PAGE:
Fifa World Cup: UAE employers warned of soccer hangovers…

The 2014 Fifa World Cup is likely to hit productivity of professionals across the Middle East, according to a new survey.

When the Fifa World Cup kicks off in a couple of days from now (check the countdown clock on Emirates 24|7 home page for the exact number of hours left for the kick-off), UAE businesses will be hoping that the fact that not many matches will be played during normal UAE office hours should have a minimal impact on the productivity of their workforce.

Tough luck, though. Although none of the GCC countries have qualified for the tournament, according to a survey conducted by online recruitment firm GulfTalent, 89 per cent of employees in the region plan to watch at least some of the games.

With match timings safely falling during the evening and later – after office hours – work may not get directly affected like it would in football-crazy European and South American nations. But with the World Cup lasting a full month, the combined loss of working hours could swell thanks to morning-after soccer hangovers the next day.

The tournament, due to be played in Brazil from June 12 to July 13, will be aired live in the Middle East each day between 8pm to 4am in the UAE and Oman (7pm to 3am in Saudi Arabia, Qatar, Kuwait, Bahrain, Egypt, Jordan and Lebanon).

By comparison, last month’s Indian Premier League 7 T20 cricket tournament, the first leg of which was played in the UAE, did not majorly impact work schedules as all matches were wrapped up before 11pm UAE time. In addition, most matches started at 6.30pm UAE time although some were indeed played starting 2.30pm UAE time.

GulfTalent’s survey asked employees across the Middle East how they plan to balance the watching of late night Fifa games with their work commitments the next day.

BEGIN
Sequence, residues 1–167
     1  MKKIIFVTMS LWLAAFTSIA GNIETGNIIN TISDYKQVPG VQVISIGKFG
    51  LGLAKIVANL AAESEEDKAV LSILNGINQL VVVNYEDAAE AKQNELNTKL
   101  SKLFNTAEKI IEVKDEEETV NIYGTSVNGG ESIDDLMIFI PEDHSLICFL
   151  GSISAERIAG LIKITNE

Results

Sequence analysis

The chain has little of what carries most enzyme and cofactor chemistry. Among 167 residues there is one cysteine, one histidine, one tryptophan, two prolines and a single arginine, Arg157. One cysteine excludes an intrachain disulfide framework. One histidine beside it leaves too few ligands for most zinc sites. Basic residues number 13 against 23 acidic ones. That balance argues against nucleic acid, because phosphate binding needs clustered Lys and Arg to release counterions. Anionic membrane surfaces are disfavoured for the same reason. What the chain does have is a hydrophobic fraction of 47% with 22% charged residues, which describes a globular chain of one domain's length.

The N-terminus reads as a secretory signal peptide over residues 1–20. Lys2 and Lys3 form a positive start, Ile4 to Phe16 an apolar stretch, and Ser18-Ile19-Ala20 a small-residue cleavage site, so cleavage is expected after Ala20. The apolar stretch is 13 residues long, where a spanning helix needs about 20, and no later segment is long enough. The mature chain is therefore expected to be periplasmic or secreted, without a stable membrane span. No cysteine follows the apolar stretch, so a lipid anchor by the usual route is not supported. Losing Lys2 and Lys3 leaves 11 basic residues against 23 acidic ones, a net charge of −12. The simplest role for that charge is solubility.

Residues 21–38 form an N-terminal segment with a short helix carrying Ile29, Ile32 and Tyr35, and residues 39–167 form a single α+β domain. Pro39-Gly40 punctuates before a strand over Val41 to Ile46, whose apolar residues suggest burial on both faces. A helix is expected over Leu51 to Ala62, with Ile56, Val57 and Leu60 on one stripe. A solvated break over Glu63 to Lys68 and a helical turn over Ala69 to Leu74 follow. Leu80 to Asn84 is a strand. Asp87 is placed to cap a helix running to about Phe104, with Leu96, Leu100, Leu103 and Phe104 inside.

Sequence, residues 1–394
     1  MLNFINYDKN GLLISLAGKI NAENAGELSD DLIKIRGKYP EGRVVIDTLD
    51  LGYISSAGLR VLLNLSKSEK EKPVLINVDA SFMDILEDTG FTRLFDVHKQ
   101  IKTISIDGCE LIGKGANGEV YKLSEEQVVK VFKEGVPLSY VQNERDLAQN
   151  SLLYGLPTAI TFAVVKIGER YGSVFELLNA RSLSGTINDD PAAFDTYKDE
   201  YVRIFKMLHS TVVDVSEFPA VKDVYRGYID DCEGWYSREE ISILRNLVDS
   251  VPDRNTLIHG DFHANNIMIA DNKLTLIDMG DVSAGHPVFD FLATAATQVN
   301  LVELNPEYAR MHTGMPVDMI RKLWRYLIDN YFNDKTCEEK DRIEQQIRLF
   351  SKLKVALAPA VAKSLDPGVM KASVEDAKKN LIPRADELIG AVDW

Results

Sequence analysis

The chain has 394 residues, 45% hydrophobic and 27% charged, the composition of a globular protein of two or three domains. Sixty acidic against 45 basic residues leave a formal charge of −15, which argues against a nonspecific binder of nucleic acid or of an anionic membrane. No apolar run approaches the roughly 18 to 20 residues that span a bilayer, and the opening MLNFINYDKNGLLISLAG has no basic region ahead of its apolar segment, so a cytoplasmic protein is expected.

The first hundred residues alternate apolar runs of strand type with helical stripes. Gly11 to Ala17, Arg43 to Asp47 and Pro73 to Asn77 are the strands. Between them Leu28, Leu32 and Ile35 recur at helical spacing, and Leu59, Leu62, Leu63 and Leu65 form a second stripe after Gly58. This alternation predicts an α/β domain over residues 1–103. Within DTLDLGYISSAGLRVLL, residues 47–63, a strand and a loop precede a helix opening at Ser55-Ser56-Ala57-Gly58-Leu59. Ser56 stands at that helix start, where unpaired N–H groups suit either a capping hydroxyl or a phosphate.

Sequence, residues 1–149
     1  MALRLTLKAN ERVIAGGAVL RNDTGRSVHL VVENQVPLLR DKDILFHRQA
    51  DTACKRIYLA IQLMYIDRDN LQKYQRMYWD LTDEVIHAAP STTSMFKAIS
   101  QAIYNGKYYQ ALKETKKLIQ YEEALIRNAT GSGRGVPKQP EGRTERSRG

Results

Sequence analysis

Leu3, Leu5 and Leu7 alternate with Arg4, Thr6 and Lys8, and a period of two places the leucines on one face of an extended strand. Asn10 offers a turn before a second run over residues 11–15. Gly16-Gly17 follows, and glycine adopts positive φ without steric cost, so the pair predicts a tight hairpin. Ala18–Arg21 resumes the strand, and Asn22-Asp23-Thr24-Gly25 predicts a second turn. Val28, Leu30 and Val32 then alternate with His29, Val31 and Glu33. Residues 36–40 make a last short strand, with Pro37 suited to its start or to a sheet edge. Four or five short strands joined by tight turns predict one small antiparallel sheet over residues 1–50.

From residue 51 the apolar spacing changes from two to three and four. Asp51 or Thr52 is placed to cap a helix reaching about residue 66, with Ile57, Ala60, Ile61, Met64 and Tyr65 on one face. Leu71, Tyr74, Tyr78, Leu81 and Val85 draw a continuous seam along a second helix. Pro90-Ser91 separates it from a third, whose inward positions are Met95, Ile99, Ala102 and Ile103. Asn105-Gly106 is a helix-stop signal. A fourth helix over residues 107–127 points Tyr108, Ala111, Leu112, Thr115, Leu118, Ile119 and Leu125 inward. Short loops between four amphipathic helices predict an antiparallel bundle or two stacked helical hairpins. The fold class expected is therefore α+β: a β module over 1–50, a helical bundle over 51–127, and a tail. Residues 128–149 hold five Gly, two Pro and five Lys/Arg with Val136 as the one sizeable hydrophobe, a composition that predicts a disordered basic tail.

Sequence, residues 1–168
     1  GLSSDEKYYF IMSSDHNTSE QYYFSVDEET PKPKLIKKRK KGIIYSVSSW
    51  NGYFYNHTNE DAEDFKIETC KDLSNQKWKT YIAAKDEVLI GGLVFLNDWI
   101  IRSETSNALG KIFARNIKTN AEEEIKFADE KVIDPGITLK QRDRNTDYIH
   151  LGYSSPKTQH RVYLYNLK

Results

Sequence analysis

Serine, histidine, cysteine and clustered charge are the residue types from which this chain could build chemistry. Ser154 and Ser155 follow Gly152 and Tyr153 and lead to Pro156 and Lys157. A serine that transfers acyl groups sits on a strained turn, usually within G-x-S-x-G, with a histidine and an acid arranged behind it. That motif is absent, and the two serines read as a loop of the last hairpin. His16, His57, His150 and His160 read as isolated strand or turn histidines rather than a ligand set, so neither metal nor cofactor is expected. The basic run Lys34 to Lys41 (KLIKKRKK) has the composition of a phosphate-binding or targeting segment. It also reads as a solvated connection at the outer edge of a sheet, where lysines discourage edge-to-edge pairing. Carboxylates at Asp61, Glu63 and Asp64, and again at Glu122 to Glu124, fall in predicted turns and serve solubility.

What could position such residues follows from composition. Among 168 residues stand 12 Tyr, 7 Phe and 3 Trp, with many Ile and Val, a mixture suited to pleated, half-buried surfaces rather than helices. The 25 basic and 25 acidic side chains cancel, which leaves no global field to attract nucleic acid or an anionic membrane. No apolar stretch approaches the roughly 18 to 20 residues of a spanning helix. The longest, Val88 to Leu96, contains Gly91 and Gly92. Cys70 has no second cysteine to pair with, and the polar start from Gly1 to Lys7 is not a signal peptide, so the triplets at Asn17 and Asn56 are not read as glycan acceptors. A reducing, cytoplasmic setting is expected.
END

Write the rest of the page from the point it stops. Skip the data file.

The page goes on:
About one in 10 said that they would go to work late in order to catch up on sleep, while a similar number will take a day of annual leave after watching late night matches. Three per cent said they would report sick so they do not have to go to work. About one-third of respondents said that they will cut on their sleep to make it to work on time.

When comparing among different job categories, IT professionals were found more likely than others to come to work late or call in sick following a late night match. HR professionals in comparison were the most likely to take a day of annual leave, while marketing professionals were more likely to simply cut on their sleep and come to work tired.

Some survey participants noted that the second half of the tournament will coincide with Ramadan, when many employees in the Middle East are allowed reduced work hours, allowing them to sleep after work and be up in time for the games.

Asked if they would spend any time on the games at work, about one-third of respondents indicated that they would be spending some of their work time discussing the games with their colleagues, or watching the highlights on the Internet.

Some employers expressed concern about the potential drop in productivity resulting from the games. One manager from an oil and gas company commented “I have 50 employees in my team. Most of them are football fans and this will really affect our productivity this month.”

Others were more relaxed or even optimistic about the impact of the games. Commenting on the issue, a manager from a leading Saudi catering firm said: “Staff productivity is highly dependent on emotions. We can properly transform these emotions during this time in a positive manner to increase productivity. So I would allow my staff time to watch their favourite matches.”

The survey found that managers who were themselves inclined to watch the games were more likely to offer flexibility to their team to watch them.

Some managers said that they plan to use the World Cup as an opportunity for team building and would organise interesting competitions related to World Cup in their office.

The threat to productivity is not confined to the Middle East. According to a survey involving 100 UK business leaders by telecoms and IT services provider Coms plc, the World Cup could result in a loss to British business of 250 million working hours.

This would comprise of a rise in absence levels, late arrivals, poor performance due to lack of sleep or discussions at the workplace. A separate survey by employment law specialists ELAS puts the cost of the World Cup to Britain’s employers at £4bn in lost productivity.

According to GulfTalent, the level of productivity loss for Middle East companies may not be as severe as their European counterparts, as all the games fall outside working hours for people working a day shift.

Only a quarter of survey respondents said their companies had a specific employee policy in respect of the World Cup.

(Home page image courtesy Shutterstock)

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